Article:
nordea transfers all sell-side research to standard & poor's
Nordea has taken an unprecedented step into the world of independent research by outsourcing all of its equity research to Standard & Poor's.
The move, which has taken the industry by surprise, is in response to a growing view that sell-side research is commercially suspect and of doubtful use in adding value to a portfolio.
Geoff Hawksworth, managing director of Standard & Poor's in Europe, said: "This is the first time that a bank has contracted to buy all its traditional equity research from an independent provider. It is a bold and imaginative approach to tackling a problem that many investment banks face - how to transform the economics of their research function and provide their clients with genuine added-value research."
The view at Nordea is that the arrangement was a response to growing pressures in the equity research market - including constrained margins, regulatory developments and low credibility - which are putting the spotlight on the future of in-house company research. Frans Lindelow, head of equities at Nordea, said: "The Nordic market is a microcosm of the dilemma facing the wider equity research industry. There are over 650 analysts worldwide following Nordic stocks, all of them essentially producing the same sort of research and not all of them adding value for clients. Transferring the function to an independent provider improves the credibility of our company research, makes the economics of the research more transparent, and enables us to focus on generating strong investment ideas for our clients."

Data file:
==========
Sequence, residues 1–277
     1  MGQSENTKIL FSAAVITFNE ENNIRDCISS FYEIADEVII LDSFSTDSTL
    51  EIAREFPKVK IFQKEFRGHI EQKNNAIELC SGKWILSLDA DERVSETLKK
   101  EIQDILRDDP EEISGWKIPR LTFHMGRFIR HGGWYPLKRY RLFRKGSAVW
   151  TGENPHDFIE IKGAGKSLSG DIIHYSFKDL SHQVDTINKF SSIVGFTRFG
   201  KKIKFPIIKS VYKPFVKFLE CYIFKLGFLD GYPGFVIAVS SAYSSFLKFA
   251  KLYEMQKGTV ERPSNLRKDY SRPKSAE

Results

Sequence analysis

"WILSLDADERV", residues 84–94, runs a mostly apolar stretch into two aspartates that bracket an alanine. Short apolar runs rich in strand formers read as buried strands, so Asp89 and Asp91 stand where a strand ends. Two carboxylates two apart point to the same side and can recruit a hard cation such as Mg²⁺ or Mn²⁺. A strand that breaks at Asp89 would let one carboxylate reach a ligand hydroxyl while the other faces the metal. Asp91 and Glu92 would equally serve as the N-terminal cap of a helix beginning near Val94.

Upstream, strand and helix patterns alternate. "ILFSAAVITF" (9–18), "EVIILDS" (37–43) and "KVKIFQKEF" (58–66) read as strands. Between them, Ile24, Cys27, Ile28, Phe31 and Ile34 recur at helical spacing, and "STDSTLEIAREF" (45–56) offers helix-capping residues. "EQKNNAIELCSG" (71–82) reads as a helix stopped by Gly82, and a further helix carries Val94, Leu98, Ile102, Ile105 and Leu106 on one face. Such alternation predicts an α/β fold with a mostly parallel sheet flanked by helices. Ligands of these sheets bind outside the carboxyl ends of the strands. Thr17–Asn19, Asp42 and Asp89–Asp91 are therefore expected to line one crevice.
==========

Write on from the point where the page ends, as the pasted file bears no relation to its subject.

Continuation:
Under the five-year deal, Nordea will cease to provide stock research internally and instead will buy independent research from Standard & Poor's. Nordea will close its present Nordic research department, currently employing some 30 professionals, and establish a new integrated research unit, Alpha Research Team, with in-house sector specialists, quantitative analysts and strategists.
Standard & Poor's, in turn, will set up a 20 strong equity research team in Stockholm specialising in Nordic companies, to supplement its existing global team of over 100 equity analysts. It will provide Nordea with research and recommendations on 200 Nordic stocks, in addition to Standard & Poor's existing coverage of over 1,500 European, US and Asian equities.
Julien Hardwick, head of European equity operations at Standard & Poor's, said: "Banks realise there is a gap between what investors are looking for and what the sell-side is offering. The market for equity research is labouring with over-capacity, continuing questions about quality, increasing regulatory constraints and declining margins. Many banks are taking a long, hard look at their research function and we expect others to follow Nordea's path."
However, other companies are presently expanding sell side research coverage. For example, Janus has expanded its companies coverage from 650 to 1,000 stocks this year and will increase it again to 1,200 in 2005. It has also increased its analysts team by 30% in the past four years and is hoping to add seven research analysts by the end of year.
Neil Jenkins, spokesperson for Janus, said: "We undertake research in-house to be ahead of Wall Street thinking and to know a company better than others."
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